The first big issue for multiproduct companies is positioning: even the big dogs like Atlassian and Zoho use a mix of company website pages and standalone websites to pitch their products. AtTeamwork.com, Peter is still experimenting with his online positioning - Teamwork Deskhas its own website, whileTeamwork Chatdoes not - but he’s seen success with both sites so far.
The second major challenge is keeping your teams aligned. Should each product get its own sales and marketing team? Should you mandate a single development methodology across development teams?
Though Peter’s sales team is currently focused onTeamwork.com’s best selling product, he plans to create dedicated sales teams as the company expands. He’s working to align his product-based development teams to a set of best practices, hoping to avoid the duplicative work - like spinning up 90 servers when a few would do - that occurs when teams are all doing their own thing.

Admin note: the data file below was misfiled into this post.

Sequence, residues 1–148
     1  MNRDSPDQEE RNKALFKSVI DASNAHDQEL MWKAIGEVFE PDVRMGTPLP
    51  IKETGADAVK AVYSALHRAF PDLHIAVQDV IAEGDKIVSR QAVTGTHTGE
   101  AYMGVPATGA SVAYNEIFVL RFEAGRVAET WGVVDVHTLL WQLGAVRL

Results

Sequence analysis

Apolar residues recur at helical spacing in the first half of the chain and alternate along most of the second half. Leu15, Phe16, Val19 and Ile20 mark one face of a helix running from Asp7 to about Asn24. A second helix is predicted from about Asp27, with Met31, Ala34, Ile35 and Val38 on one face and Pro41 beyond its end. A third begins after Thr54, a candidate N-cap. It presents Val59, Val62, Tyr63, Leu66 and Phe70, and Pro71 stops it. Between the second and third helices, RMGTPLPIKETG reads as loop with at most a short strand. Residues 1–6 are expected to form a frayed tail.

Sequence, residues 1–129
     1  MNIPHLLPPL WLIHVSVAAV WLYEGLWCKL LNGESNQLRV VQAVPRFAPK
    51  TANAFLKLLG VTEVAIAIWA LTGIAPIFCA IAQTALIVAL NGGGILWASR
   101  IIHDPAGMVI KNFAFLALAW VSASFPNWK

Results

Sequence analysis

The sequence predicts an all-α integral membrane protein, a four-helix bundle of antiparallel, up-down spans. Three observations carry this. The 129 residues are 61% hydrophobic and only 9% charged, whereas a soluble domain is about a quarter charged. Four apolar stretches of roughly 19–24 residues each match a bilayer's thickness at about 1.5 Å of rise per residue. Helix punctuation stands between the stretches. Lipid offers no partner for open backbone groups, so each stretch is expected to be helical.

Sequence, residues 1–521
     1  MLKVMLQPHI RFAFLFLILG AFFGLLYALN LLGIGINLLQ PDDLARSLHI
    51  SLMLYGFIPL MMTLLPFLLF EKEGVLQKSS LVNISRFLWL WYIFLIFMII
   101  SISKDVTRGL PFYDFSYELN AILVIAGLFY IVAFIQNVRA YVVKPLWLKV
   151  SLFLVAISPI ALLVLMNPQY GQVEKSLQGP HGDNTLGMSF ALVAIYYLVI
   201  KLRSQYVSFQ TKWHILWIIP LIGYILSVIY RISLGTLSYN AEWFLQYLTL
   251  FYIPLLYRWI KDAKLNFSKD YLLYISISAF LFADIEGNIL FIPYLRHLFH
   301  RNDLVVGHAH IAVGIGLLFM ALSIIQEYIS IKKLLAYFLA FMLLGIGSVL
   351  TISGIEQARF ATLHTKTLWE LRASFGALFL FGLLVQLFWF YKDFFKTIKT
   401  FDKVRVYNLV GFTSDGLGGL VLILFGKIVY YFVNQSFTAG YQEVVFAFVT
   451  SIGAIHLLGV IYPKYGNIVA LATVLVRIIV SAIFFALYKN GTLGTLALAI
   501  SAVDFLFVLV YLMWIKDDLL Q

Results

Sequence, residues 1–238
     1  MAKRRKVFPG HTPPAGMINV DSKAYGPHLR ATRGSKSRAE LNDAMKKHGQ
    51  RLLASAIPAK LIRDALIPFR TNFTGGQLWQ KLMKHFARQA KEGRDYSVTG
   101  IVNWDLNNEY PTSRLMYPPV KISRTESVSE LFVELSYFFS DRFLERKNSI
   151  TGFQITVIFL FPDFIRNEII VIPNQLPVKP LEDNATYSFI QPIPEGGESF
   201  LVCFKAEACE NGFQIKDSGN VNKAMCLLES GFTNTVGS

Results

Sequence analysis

Peter intends to continue verticalizing while making sure that his teams are talking to one another, a task easier said than done but important all the same. He's committed to uniting his dedicated teams in an environment conducive to their growth.
At the end of our conversation, he shared a bit about how he brings people together and shapes the culture at the company where teamwork is the name of the game.
When you take all the working hours in a year and subtractTeamwork.com’s generous vacation policy, sick days, and weekends, Peter says there’s about 200 productive days left. To avoid burnout, he asks his team for 37.5 hours of high quality focused work a week.